Planning framework must not restrict Dublin – Keegan

Council chief executive says ‘vital importance’ of capital must be recognised

 Owen Keegan, chief executive of Dublin City Council, says the new National Planning Framework   fails to recognise the importance of Dublin. Photograph: Cyril Byrne

Owen Keegan, chief executive of Dublin City Council, says the new National Planning Framework fails to recognise the importance of Dublin. Photograph: Cyril Byrne

 

The chief executive of Dublin City Council, Owen Keegan, has sharply criticised Government proposals for the new National Planning Framework (NPF) for failing to recognise the importance of Dublin.

The framework, the successor to the National Spatial Strategy, is designed to guide development across the State up to 2040 and is expected to be finalised in the autumn.

Speaking at the publication of the draft plan or “issues paper” earlier this year, the then minister for housing Simon Coveney said action needed to be taken to drive the growth of regional cities like Galway, Cork, Limerick and Waterford, to avoid continued expansion of Dublin.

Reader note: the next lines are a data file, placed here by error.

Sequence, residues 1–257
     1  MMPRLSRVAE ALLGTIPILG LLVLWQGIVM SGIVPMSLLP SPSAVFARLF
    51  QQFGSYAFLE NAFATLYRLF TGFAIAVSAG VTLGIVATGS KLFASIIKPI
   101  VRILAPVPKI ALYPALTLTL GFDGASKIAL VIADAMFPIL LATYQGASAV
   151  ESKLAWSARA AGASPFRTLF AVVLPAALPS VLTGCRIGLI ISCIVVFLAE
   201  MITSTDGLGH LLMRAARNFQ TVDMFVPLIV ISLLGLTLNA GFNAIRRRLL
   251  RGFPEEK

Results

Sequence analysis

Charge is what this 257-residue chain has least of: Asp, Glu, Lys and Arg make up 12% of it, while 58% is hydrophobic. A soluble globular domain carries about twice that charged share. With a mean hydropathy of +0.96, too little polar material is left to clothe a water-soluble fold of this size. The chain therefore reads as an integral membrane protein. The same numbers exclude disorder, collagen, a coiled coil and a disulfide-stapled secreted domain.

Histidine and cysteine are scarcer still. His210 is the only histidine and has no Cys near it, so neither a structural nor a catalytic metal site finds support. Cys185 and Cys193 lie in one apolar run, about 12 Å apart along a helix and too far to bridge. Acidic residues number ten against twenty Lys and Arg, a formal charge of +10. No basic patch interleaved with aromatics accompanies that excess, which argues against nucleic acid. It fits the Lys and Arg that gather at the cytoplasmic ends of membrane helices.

However, in a letter to the Department of Housing, Mr Keegan said the Dublin city region was a “net contributor in economic terms to the nation” and it was “vitally important that this role is supported and not restricted or hampered”.

The strategic importance of supporting the continued success of Dublin did not appear to be “adequately translated” in the draft document, he said.

Regional development should not be at the expense of Dublin development, Mr Keegan said, and of “serious concern” was a reference to a conflict between achieving more effective regional development and prioritising the needs of the capital.

“Having reviewed the Issues Paper, it is considered that the fundamental importance of the Dublin city region to the country as a whole may not be adequately understood, addressed and incorporated into the NPF’s fundamental structure,” he said, adding that it was “surprising” that “only one section of one chapter of a seven-chapter document is dedicated to Dublin”.

The document appeared to imply, Mr Keegan said, that the success of Dublin had resulted in problems in relation to housing and infrastructure, but he said: “It is the underfunding of infrastructure and public transport and over-reliance on the private sector for the delivery of housing that has resulted in the significant pressures facing the Dublin region.”

The “vital international role” played by Dublin also needed to be accounted for in the new plan, he said.